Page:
Tuesday, 23 December 2008

3rd Sunday of Advent Year B

The Rose coloured candle and vestment signal that our search is drawing to an end. Our salvation is close at hand and so we allow ourselves the latitude of rejoicing as the Entrance Antiphon suggests “Rejoice in the Lord always, again I say, rejoice! The Lord is near”. The central theme that runs through both the first reading and the Gospel is the nearness of salvation. The writer of the first reading declares that he has been sent by God to usher in the age of salvation. In the Gospel, John the Baptist announces that he is not the Saviour but the one who prepares the way for the Saviour who is already amongst the people. Finally, St Paul gives practical guide to the Thessalonians on how they are to wait for the 2nd Coming of the Saviour.

When salvation is near, we rejoice. How? We get a clue from the Gospel. In the Gospel, the religious authorities sent priests and Levites to enquire about John’s identity. The replies given by John didn’t quite satisfy them because they wanted a more definitive answer to bring back to their higher-ups. They were looking for the Messiah and judging from the replies that they got, they weren’t satisfied. The short of it, they were expecting more but seemed to have gotten less. They were looking for salvation but failed to recognise its presence.

Thus, to rejoice means we must recognise the presence of our salvation.

What is salvation or what does it consist of? First of all, it means different things to different people. For some, salvation is confined to the spiritual realm and is defined as salvation from sin and eternal damnation. Whilst it is true that salvation is from sin and eternal damnation but such a conception of salvation tends to be narrow and sometimes selfish because it is restricted to “my salvation”. What about the salvation of others? So, personal salvation can be a blinkered existence in which a person tries to save his or her soul for the next world. The good thing is that these days, few people think like that. On the one hand, this may be explained by the fact that people generally do not have a firm belief in the after-life. Even if they did, it is probably vague and not really helpful or hopeful. On the other hand, and this is more insidious because “personal salvation” has given birth to an explosion of self-help programmes. These are helpful but the assumption behind these programmes is that we can bestow upon ourselves salvation and self-improvement is the path to wholeness. The truth is that try as we might like to, we cannot save ourselves.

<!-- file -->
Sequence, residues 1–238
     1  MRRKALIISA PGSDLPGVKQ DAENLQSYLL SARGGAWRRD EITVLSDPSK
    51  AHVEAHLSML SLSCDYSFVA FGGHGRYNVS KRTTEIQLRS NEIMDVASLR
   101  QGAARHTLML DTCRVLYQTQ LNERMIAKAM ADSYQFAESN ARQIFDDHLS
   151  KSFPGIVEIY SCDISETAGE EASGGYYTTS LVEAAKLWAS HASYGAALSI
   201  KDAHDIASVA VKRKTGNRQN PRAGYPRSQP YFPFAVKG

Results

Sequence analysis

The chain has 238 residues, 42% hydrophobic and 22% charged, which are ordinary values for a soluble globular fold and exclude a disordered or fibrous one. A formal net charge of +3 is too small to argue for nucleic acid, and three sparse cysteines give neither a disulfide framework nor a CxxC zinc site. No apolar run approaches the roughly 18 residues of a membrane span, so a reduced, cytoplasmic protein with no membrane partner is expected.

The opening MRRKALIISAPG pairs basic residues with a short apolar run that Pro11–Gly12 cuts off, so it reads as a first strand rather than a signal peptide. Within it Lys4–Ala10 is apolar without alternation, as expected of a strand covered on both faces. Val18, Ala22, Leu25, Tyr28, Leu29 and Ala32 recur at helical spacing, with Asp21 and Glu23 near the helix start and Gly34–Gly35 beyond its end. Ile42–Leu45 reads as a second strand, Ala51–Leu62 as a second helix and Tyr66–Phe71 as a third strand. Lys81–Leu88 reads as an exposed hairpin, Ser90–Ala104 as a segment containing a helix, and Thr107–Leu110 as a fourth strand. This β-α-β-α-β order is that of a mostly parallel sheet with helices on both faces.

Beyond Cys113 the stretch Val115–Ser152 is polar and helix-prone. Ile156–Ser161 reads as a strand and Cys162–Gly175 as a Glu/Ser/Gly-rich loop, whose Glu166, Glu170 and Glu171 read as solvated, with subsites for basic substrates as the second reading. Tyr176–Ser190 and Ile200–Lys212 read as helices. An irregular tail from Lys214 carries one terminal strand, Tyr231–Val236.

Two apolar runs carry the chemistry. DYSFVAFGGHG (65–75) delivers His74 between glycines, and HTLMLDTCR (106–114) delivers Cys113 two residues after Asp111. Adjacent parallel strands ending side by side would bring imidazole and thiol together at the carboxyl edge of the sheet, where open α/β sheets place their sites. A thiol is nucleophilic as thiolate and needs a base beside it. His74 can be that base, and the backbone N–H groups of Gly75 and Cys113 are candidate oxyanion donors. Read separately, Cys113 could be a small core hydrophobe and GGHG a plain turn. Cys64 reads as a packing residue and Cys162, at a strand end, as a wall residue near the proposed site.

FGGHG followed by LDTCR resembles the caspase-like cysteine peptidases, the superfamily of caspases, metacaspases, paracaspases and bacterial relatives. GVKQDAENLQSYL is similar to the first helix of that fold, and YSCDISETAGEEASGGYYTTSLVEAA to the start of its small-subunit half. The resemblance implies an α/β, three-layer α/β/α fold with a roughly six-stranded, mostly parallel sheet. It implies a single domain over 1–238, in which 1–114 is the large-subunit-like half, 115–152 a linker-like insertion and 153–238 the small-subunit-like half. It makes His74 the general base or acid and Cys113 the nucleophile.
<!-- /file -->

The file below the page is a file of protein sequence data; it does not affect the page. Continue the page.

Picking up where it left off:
A good thing about the narrow view of salvation is that our consciousness has expanded beyond the boundary of this “personal salvation”. The first reading echoes our broadened vision of salvation as liberty to captives, freedom to those in prisons; and to proclaim a year of favour from the Lord. In this broadened vision, salvation, even if it were for the next world, must begin with this world. People who do not appreciate Church involvement in political matters may have failed to understand that the new heavens and the new earth can only begin when we are engaged to change this world. They have confused political involvement with partisan politics [1]. Thus, we should continue to speak up against the unjust use of laws against those who do not share the majority view because salvation begins here and now.